Is Intel Xeon better than i7? Here’s what we think
Is Intel Xeon better than i7? Let's find out
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Is Intel Xeon better than i7? You’re about to find out. Two of the popular families Intel’s processors belong to are Intel Xeon and Intel Core i7. Those looking to equip themselves with an above-average processor for productivity are likely to end up comparing options between the two of these families. Today, we’re discussing: is Intel Xeon better than i7? And if so, for what use cases? We’ve also pulled together a handful of products that use the i7 technology, which we believe is better for every day use compared to the Xenon range, which targets huge businesses and high-end workstations.
What is Intel Xeon?
Intel Xeon is a family of powerful processors designed for use in workstations and servers. These processors typically have a generous amount of cores and threads, but the clock speeds are kept low for increased power efficiency. In workstations and servers, most workloads aren’t heavily reliant on single-thread performance, so the low clock speeds end up mattering little.
What is Intel Core i7?
The Intel Core i7 family features consumer-grade processors designed for use in desktop and laptop computers. Core i7 CPUs have high core clock speeds, second only to Intel i9 and Ryzen 9 processors. They also have an above-average amount of cores and threads, which makes them a great option for home-based workstations and productivity-focused computers.
How does Intel Xeon compare to Intel Core i7?
The key difference to understand here is that Intel Xeon processors are designed for use in workstations and servers. Intel Core i7 processors are designed for use in personal computers. Performance is usually measured by two different standards. Single thread and multithread performance.
The former tells us how well the CPU handles tasks that utilize one or only a few threads. Gaming is a popular example of such an activity. The latter tells us how well the CPU handles tasks that utilize all cores and threads. In other words, when all of the CPU is being utilized. These are extremely intensive workloads such as 3D rendering and video editing. The type of processing carried out in servers is also multithread-focused.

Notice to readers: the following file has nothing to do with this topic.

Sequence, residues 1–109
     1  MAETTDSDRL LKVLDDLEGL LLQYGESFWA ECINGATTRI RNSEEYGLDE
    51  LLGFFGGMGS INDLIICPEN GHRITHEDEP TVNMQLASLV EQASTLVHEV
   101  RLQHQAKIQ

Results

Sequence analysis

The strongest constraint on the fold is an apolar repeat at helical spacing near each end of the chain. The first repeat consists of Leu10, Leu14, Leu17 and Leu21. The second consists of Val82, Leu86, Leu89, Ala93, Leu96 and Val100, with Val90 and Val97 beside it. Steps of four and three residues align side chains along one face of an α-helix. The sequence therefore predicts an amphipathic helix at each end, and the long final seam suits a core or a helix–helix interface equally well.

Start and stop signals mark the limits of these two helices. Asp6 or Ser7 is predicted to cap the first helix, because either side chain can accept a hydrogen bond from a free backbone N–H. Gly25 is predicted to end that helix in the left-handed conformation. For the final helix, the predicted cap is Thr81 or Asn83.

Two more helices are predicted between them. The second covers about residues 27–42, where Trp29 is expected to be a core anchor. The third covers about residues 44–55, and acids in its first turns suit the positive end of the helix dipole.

In single-threaded performance, Intel Core i7 processors win by a mile. That’s because they have much higher maximum clock speeds. A clock speed tells us how fast a CPU is able to process instructions. Generally speaking, Xeon processors have max clock speeds of 3 to 4GHz. Intel i7 processors have much higher clock speeds of up to over 5GHz, and you can overclock them even further as well.
Core i7 processors are excellent for gaming. While you technically can game on a Xeon processor, it usually isn’t worth it. Unless you’re getting an older, secondhand Xeon for a budget build, you would be better off sticking with something from the Intel Core series.
In multithreaded performance, it’s Intel Xeon that comes out on top, again by a huge margin. Xeon processors have much more cores and threads than i7 processors. Even though these cores operate at a lower clock speed, there are just so many of them that they’re able to make quick work of multithreaded workloads that can utilize them all. For pure productivity, the only CPUs that can compete with Xeon processors are the Ryzen Threadrippers.
Final Word: Is Intel Xeon better than i7?
In terms of performance? Intel Xeon CPUs are better in multithreaded performance but worse in single-thread performance. Intel Xeon CPUs are not intended for use by the general public, though. They’re used in servers and in top-of-the-line workstations for businesses. Even if you want to have your personal workstation at home, a modern Xeon processor would be overkill. For most people at home, Core i7 CPUs will be the better option. If you are after a more powerful CPU, make sure to check out the best gaming CPUs in 2024.